O.R.--SERIES I--VOLUME XL/3 [S# 82]
CONFEDERATE CORRESPONDENCE, ORDERS, AND RETURNS RELATING TO OPERATIONS IN SOUTHEASTERN VIRGINIA AND NORTH CAROLINA, FROM JULY 5, 1864, TO JULY 31, 1864.--#1,
RICHMOND, VA., July 5, 1864.
Maj. T. O. CHESTNEY, Assistant Adjutant-General, Headquarters:
MAJOR: I have the honor to report that about the 13th of June last a regiment of negroes, commanded by Colonel Draper, of Massachusetts, arrived at Pope's
Creek, in Westmoreland County, Va., accompanied by about fifty regular U.S. Cavalry.(*) They marched to Union Wharf Richmond County, in divided commands,
taking negroes, horses, cattle, bacon, wagons, farming utensils, &c., all of which were either carried away or burned. About the 14th, at a place called Hutt's
Store, near the center of Westmoreland County, some of the negro troops went to the house of Private George, of Ninth Virginia Cavalry, and committed a rape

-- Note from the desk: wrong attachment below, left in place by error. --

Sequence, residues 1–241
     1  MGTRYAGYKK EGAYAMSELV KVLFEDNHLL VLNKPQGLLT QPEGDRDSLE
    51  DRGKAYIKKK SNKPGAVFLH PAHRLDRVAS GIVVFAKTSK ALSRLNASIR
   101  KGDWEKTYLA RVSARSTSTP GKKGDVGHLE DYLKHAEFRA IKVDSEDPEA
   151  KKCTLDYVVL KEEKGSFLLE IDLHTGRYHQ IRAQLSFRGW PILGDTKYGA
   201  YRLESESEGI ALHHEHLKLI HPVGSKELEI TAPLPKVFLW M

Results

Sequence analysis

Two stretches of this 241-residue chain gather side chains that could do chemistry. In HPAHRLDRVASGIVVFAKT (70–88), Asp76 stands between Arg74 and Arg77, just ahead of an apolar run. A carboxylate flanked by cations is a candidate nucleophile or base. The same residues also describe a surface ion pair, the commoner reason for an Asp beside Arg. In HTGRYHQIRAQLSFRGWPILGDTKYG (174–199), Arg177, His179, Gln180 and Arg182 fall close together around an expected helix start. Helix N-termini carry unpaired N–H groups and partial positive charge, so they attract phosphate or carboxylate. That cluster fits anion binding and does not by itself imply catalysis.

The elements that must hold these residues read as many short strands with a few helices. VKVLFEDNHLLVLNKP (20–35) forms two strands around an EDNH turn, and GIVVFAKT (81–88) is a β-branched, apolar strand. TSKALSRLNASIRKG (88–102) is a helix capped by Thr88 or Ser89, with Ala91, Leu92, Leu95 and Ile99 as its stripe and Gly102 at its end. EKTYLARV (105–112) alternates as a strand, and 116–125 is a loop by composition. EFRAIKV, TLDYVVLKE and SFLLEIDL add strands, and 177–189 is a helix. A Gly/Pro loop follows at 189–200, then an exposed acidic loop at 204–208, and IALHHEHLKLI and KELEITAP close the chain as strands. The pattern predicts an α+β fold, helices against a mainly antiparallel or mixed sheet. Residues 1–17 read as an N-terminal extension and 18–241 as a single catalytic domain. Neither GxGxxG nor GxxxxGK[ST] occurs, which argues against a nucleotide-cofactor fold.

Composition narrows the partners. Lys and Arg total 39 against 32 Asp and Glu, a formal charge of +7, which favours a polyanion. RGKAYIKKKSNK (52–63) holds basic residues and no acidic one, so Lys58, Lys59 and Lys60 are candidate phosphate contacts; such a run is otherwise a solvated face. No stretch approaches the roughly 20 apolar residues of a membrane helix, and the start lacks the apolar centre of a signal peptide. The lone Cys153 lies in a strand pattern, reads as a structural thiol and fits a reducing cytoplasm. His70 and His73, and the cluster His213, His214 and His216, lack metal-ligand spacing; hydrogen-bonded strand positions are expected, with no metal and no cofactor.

upon his wife, who had just been confined with a babe only six weeks old. She is now almost a maniac, and begs that some one will kill her. This atrocious
crime can be verified by a number of witnesses who are personally cognizant of the fact. In Warsaw, Richmond County, the negro troops attempted to ravish
white ladies, but were foiled by the assistance of the female slaves of the households. In the case of Mrs. Belfield, she escaped by flight to the woods.
Many other instances could be mentioned of like atrocities if desired....
JNO. S. BRAXTON, , Captain and Assistant Adjutant-General.
O.R.--SERIES I--VOLUME XXXIX/2 [S# 78]
UNION CORRESPONDENCE…., U.S. S. MOOSE, Smithland, Ky., June 11, 1864.
Rear-Admiral DAVID D. PORTER,
Commanding Mississippi Squadron:
SIR: .... I am told, in consequence of some gross outrages that was said to have been committed in that neighborhood by a Colonel Cunningham, from Paducah. It